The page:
Jan Prins, director and owner of trading company Zijtwende International, said: "Given the critical nature of European markets, growers must maximise their use of biological crop protection. At the same time, however, many consumers have little knowledge of what this protection entails."
He added: "Dutch growers are miles ahead in terms of biological crop protection. The overwhelming majority of fruiting vegetable crops benefit from it, and it is a factor in our growers’ success. We have lots of capabilities, but hardly publicise these. Things really need to change."
The company serves retail chains in the Netherlands, Germany, Sweden and also the UK, with tomatoes, peppers, cucumbers, and aubergines accounting for more than 80% of turnover.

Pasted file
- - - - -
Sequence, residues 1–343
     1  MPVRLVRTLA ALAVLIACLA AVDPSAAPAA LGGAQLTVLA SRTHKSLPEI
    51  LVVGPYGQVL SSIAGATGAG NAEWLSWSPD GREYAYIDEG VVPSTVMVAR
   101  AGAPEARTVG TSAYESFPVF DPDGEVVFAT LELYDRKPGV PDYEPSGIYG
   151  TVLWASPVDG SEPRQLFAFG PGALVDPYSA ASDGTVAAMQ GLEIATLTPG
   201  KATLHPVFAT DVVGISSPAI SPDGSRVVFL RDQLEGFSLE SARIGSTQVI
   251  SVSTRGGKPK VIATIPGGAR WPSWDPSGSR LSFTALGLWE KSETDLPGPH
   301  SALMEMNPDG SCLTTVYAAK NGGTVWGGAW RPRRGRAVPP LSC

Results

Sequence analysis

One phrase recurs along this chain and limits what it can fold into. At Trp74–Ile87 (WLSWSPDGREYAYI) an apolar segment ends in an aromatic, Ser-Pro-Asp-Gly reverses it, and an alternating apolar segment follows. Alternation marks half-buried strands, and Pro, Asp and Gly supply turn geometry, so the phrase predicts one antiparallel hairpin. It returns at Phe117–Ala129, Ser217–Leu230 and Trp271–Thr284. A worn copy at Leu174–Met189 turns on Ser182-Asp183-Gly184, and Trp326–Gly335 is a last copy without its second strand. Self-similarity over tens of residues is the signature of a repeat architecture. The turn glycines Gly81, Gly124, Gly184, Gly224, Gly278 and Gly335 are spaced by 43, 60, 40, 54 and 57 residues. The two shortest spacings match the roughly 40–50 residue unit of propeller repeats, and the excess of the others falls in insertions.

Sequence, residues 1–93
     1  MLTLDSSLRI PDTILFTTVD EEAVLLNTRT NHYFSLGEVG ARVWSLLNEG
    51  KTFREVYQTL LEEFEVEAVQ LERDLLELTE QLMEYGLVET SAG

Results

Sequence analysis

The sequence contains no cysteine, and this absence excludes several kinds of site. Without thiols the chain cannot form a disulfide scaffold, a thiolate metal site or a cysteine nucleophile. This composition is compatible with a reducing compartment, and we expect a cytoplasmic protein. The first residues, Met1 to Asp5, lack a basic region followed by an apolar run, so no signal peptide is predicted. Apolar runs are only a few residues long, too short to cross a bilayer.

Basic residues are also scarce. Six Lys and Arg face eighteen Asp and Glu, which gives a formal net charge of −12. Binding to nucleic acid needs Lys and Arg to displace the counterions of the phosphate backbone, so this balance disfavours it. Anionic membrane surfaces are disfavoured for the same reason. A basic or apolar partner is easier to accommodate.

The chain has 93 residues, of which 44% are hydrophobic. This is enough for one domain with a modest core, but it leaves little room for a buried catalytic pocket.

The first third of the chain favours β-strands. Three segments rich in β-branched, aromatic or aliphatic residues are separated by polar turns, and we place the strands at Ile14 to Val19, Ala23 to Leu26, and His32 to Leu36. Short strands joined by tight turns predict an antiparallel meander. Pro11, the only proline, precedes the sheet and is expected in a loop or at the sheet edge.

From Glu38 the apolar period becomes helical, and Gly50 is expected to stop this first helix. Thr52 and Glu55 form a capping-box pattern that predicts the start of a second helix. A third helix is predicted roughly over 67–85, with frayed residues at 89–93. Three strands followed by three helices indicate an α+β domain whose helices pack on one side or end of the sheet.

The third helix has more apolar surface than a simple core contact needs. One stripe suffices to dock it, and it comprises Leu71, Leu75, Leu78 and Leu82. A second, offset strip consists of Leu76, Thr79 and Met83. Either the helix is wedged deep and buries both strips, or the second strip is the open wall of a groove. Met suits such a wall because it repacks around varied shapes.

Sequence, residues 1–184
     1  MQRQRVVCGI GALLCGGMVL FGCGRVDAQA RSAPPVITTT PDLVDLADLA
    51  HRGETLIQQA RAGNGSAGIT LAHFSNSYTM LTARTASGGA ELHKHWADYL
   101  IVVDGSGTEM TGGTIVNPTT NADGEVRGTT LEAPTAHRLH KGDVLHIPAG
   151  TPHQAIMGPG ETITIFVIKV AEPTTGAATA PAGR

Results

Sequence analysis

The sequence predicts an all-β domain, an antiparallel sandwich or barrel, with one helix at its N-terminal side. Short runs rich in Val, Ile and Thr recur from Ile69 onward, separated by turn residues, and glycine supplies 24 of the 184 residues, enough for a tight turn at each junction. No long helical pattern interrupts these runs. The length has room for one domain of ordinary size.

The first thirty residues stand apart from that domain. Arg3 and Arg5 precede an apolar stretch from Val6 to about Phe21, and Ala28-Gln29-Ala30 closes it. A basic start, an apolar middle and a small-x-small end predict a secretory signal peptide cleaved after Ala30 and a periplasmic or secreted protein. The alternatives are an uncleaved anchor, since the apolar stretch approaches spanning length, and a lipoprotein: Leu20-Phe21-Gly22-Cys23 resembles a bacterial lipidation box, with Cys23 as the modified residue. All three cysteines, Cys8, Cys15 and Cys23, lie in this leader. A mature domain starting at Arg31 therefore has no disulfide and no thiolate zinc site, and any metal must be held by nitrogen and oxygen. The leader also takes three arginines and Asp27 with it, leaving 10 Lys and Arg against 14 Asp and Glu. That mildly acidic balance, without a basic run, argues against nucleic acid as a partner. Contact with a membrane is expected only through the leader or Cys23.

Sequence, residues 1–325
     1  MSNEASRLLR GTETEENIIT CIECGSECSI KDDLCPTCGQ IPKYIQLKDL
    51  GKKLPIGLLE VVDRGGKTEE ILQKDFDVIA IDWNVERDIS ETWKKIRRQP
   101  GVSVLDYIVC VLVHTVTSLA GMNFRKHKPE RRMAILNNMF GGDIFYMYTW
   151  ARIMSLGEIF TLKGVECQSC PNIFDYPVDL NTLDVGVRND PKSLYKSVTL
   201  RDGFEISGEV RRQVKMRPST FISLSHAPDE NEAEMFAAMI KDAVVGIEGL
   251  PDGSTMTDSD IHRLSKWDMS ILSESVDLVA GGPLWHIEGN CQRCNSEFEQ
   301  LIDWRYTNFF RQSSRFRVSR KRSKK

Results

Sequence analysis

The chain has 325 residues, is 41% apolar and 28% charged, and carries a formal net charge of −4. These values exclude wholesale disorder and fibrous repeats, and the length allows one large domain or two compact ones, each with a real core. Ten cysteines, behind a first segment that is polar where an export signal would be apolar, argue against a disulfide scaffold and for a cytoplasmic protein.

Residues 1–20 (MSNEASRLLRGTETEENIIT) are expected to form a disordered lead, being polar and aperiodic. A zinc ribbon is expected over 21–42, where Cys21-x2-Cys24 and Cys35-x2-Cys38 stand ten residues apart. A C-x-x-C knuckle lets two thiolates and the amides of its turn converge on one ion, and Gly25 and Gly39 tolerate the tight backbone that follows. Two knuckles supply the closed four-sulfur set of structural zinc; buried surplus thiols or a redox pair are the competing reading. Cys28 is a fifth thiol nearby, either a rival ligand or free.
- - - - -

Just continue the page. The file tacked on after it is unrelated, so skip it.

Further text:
Supermarkets are imposing increasingly stringent requirements on residue beyond regulations set by their national governments, and also want to know more about how produce is grown, Prins added.
"This has been the case for biological crop protection for a long time. However, supermarkets are now looking at social aspects. They're asking questions like: is the grower also a good employer? What energy sources do they use? Is the grower attempting to use more renewables? We are more than happy to give our customers a tour of the various farms, so that they can get a good overall impression of the business and ask questions."
By doing this he is glad to put right some retailers' misconceptions about salad vegetable growing, he said. "If a purchaser of all people doesn't know anything about the activities in our greenhouses and about our production methods, how can we expect consumers to know?"